Consumer Financial Protection Bureau Takes on Student Loan Servicing

We are in the midst of graduations across the nation and it can be a bleak picture for graduates looking for employment. Finding a job in a specific field can be difficult, but students must also take into account looming student loan payments. Large student loan payments prevent students from making other financial investments and this has long-term repercussions for the student borrower as well as the entire economy.

The Consumer Financial Protection Bureau recently announced that it is soliciting comments from the public about borrower experiences with student loan servicing. CFPB Director Richard Cordray stated that “[t]he inquiry seeks to determine if the student loan servicing industry is doing things that make repayment more complicated and more costly for consumers.

The CFPB has taken an active role in monitoring and regulating various consumer industries such as payday loans, mortgage servicing, and credit cards. It is not surprising to learn that in light of the staggering statistics about student loan debt, the CFPB is now taking action.

There is a lot of room for improvement in terms of regulating lenders and servicers. It is good to know that the voices of student borrowers are finally being heard. Hopefully those facing crushing debt loads will soon find some relief.

 

Rachel Gallegos

Rachel Gallegos

Lead Consumer Advocate, Steve Harvey Law

The Corinthian Colleges Closure and Debt Cancellation Debacle

Any discussion about student loan rip-offs should begin with Corinthian Colleges. The recent closure of this for-profit company left thousands of students stranded with no way to complete the education they had been promised and for which they took on crushing debt loads.

The Department of Education has announced that students who were enrolled or recently withdrew from school will be forgiven their federal loans but only if they forego credits they already earned. Students who have already graduated get no such relief. According to US News & World Report, some of the former students are also now challenging repayment of their student loans based on claims of fraud.

The closing of Corinthian Colleges brings up the issue of debt cancellation in the student loan context. If you have federal student loans, in certain circumstances such as school closings your debt can be canceled. You must be enrolled at the time of closing or have withdrawn from the school within 120 days of the closing.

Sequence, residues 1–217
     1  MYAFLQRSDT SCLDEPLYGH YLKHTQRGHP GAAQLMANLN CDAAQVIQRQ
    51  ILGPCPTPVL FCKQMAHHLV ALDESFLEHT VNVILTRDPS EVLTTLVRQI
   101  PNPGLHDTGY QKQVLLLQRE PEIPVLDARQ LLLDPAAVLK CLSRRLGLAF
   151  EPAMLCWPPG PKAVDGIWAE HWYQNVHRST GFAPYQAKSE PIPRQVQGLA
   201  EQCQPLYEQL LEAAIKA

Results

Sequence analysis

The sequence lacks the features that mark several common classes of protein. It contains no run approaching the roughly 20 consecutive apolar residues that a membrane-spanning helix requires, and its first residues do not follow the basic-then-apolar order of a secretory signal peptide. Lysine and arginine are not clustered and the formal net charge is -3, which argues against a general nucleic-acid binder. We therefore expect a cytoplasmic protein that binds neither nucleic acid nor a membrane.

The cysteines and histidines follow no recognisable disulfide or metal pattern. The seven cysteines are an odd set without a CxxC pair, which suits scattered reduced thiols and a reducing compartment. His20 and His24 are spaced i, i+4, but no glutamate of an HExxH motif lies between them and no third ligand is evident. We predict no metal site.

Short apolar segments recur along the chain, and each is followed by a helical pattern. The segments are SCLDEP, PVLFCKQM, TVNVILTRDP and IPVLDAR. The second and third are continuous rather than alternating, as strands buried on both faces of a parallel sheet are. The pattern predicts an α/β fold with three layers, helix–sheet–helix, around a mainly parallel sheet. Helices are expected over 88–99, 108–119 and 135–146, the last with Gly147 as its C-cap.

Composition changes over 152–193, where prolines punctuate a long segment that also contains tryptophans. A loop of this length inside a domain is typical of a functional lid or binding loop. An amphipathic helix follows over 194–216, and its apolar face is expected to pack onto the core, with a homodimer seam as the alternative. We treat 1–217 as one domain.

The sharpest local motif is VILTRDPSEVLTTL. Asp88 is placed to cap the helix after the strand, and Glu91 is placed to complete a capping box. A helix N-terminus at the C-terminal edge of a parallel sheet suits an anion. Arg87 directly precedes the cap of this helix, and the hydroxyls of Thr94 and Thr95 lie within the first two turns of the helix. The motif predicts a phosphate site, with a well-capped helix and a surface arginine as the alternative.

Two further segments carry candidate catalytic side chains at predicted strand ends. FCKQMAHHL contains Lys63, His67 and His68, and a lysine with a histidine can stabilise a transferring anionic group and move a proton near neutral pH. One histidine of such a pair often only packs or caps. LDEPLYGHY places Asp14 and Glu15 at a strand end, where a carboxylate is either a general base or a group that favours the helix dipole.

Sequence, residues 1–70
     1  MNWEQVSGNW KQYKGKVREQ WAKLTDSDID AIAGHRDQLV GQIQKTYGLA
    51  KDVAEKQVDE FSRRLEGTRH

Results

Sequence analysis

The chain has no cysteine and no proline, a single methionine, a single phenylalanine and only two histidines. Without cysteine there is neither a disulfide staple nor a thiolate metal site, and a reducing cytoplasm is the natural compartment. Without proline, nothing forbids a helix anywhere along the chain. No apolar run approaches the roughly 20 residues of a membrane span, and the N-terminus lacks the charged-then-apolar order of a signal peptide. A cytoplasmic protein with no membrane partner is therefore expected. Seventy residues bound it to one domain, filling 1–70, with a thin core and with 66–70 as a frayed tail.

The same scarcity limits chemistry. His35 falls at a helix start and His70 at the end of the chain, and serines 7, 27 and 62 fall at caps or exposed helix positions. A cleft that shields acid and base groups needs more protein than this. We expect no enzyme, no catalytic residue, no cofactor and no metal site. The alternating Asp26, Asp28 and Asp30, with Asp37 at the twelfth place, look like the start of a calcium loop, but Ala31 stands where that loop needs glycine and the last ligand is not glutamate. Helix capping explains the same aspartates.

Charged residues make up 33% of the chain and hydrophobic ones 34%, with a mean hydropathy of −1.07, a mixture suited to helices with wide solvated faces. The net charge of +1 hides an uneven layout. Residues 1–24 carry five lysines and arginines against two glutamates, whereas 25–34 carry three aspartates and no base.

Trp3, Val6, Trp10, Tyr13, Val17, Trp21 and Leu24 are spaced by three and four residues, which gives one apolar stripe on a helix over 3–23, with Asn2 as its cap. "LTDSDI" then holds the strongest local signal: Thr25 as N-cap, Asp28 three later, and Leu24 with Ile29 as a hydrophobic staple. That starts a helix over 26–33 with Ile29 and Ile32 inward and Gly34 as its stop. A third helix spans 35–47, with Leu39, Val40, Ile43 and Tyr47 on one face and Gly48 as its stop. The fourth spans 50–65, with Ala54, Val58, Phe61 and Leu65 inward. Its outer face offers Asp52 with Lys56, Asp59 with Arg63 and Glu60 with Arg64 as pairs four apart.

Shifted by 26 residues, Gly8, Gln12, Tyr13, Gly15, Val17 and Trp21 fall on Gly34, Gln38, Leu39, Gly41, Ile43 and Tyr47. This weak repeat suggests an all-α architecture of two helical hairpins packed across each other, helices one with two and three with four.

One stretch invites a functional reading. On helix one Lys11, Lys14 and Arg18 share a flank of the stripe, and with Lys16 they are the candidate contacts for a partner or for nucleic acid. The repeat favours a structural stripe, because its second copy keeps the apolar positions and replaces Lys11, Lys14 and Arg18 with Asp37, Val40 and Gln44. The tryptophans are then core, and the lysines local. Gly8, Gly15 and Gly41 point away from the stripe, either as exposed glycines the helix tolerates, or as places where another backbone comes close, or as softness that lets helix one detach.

Prior to the closure of Corinthian Colleges, the Consumer Financial Protection Bureau announced that $480 million in loan forgiveness will be made available for students who took out Corinthian Colleges high-cost private student loans. This is highly unusual as the protections and safeguards offered for federal loans normally do not exist for private loans. Loan forgiveness and debt cancellation are rare in the private loan context. Students are ordinarily left to negotiate directly with the private lender in hopes that the payments can at least be an amount that is affordable each month.

Corinthian Colleges is the tip of the of the student loan crisis iceberg. The student loan program in this country is not serving us well and cries out for reform.

 

RG-3Rachel Gallegos

Lead Consumer Advocate, Steve Harvey Law

 

The Foreclosure Crisis: It’s Not Over Yet, and Not Even Close in NJ

The Philadelphia Inquirer reports that 1 in every 234 homes is in some stage of foreclosure in New Jersey. This is a 17% increase over 2014 and clearly shows that the crisis in not over yet. While New Jersey is unique in its rate of foreclosure, the issue still plagues many homeowners nationwide.

In New Jersey, the high rate of foreclosures is also due to “robo-signing” issues in recent years. Those legal issues created a back-log of foreclosures and the flood gates have since opened. Homeowners in New Jersey and nationwide are also still fighting against decreased property values, unemployment, illness, and mounting debt.

Foreclosures destroy communities and do not benefit the homeowner or the lender. A resolution in which the homeowner stays in the home and continues to make payments is in everyone’s best interest. There are many options available for homeowners to resolve a foreclosure but the process can be overwhelming. Families facing foreclosure should immediately contact an attorney or housing counselor to seek assistance.

 

RG-3Rachel Gallegos

Lead Consumer Advocate, Steve Harvey Law